A one of kind magical place that you can only experience in Marshall, Michigan.

Get our free mobile app

The American Museum of Magic was founded on April 1, 1978, by Bob and Elaine Lund. Born out of a passion or obsession, Bob spent decades eating peanut butter and jelly sandwiches to collect the treasures now housed at 107 East Michigan Avenue.

Bob did not set out to open a museum. He was spurred into action by threats from his wife Elaine who told him to either stop collecting or they needed to move into a bigger place. Not willing to give up collecting more treasures, Bob saved up enough money to buy the building the historic building that still houses the American Museum of Magic.

Courtesy of the American Museum of Magic
Courtesy of the American Museum of Magic
loading...

Bob began collecting magicians' artifacts in the mid-1930s and continued doing so up until he passed away in 1995. The items he collected included props and posters from the world's most talented and known musicians like Harry Blackstone, Joseph Dunninger, and Harry Houdini. Bob didn't just collect memorabilia from well-known magicians. He had thousands of items from unknown and small-town sorcerers.

Bob's wife kept the museum going after he passed but soon found it hard to keep up with the items housed within becoming increasingly disorganized. Thankfully, there were enough fans who stepped in to raise funds to keep the collection open to the public. In 2005, a board of directors stepped in to restore the American Museum of Magic to its former glory.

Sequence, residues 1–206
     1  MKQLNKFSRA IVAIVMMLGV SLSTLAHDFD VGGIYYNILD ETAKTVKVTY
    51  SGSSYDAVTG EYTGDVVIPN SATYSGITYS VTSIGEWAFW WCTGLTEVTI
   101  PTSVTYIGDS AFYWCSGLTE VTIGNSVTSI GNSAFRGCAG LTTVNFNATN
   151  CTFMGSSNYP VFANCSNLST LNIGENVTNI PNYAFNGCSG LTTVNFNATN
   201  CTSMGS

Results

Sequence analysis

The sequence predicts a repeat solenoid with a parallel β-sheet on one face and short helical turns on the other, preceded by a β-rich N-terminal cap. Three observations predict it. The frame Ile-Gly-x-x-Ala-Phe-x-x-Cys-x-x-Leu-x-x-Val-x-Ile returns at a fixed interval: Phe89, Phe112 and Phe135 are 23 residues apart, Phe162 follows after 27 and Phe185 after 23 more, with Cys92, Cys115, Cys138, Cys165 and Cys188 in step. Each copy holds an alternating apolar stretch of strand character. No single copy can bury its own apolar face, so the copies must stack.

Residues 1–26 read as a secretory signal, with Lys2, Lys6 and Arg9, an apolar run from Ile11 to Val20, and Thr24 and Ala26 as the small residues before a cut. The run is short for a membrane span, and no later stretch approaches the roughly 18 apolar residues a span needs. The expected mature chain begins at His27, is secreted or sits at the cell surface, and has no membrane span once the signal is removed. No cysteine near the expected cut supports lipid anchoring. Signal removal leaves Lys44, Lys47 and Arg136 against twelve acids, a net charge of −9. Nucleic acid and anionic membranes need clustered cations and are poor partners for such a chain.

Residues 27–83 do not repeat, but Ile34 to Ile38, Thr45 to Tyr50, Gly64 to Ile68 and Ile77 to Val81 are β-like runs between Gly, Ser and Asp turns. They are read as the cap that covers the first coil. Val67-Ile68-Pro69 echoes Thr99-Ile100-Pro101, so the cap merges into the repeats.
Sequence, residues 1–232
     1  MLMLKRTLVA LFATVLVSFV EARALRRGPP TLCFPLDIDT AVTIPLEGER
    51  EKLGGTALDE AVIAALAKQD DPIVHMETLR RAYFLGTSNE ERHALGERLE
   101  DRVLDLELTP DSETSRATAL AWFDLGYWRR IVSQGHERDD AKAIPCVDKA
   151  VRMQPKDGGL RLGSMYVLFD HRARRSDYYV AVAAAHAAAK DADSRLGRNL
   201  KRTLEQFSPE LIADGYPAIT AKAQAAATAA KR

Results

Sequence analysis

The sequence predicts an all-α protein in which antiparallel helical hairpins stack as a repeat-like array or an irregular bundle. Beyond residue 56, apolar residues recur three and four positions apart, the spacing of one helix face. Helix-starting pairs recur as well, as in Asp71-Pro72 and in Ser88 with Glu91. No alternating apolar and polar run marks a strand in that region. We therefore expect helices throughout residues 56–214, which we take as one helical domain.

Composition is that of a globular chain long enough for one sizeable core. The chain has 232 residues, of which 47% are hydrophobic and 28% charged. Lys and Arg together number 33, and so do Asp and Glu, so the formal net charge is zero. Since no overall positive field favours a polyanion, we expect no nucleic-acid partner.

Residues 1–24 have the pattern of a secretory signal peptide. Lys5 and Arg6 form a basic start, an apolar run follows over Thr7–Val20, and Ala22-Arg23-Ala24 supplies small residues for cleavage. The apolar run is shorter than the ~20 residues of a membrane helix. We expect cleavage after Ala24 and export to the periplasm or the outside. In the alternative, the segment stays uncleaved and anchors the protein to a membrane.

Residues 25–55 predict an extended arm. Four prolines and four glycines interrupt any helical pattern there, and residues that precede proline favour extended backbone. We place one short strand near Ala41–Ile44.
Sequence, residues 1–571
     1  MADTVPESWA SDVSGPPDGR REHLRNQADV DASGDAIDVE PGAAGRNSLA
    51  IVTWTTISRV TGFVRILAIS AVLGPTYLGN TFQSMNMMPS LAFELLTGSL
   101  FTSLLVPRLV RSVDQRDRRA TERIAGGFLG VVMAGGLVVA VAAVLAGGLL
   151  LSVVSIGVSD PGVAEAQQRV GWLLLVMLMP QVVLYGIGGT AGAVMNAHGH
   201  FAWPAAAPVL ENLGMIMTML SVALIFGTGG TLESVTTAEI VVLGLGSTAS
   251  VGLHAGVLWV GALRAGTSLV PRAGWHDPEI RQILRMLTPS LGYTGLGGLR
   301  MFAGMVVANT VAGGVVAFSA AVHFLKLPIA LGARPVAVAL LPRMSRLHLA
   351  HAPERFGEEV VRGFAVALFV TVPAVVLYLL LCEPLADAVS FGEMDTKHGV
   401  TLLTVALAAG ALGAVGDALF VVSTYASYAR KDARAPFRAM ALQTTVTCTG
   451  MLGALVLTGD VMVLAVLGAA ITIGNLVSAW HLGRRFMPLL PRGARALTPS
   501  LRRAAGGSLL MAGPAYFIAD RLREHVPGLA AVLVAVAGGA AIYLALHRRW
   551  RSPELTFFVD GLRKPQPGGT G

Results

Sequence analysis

The museum opens to the public every spring. That's not to say you can not check it out in the winter. You just have to contact staff to book an appointment. The museum is also conveniently located about 40 minutes away from the Magic Capital of the World, Colon, Michigan.

In memory of Stacy Conklin-Kittle, a member of the Amazing Conklin's who never stopped believing in magic.

Michigan's Top Magician, Harry Blackstone Jr.

Leading Theories About D.B. Cooper and 30 other unsolved mysteries

Thanks to the American fascination with confounding unsolved cases, mystery is among the most popular genres of books, movies, and television. From heists and capers to murders and robberies, the world’s greatest unsolved mysteries spark media frenzies that grab headlines around the globe. Some cases compel so much public intrigue that the facts and theories surrounding them become the basis of books, movies, plays, and documentaries decades or even centuries after the cases go cold.